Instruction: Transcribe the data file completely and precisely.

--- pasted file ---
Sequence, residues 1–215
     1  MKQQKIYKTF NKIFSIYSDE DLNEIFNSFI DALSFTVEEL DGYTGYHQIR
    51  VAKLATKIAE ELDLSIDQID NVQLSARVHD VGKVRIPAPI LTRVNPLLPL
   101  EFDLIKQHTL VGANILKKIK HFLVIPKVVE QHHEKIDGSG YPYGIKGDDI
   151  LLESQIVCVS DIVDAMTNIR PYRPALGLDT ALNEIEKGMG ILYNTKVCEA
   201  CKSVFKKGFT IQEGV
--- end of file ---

Sequence, residues 1–215
     1  MKQQKIYKTF NKIFSIYSDE DLNEIFNSFI DALSFTVEEL DGYTGYHQIR
    51  VAKLATKIAE ELDLSIDQID NVQLSARVHD VGKVRIPAPI LTRVNPLLPL
   101  EFDLIKQHTL VGANILKKIK HFLVIPKVVE QHHEKIDGSG YPYGIKGDDI
   151  LLESQIVCVS DIVDAMTNIR PYRPALGLDT ALNEIEKGMG ILYNTKVCEA
   201  CKSVFKKGFT IQEGV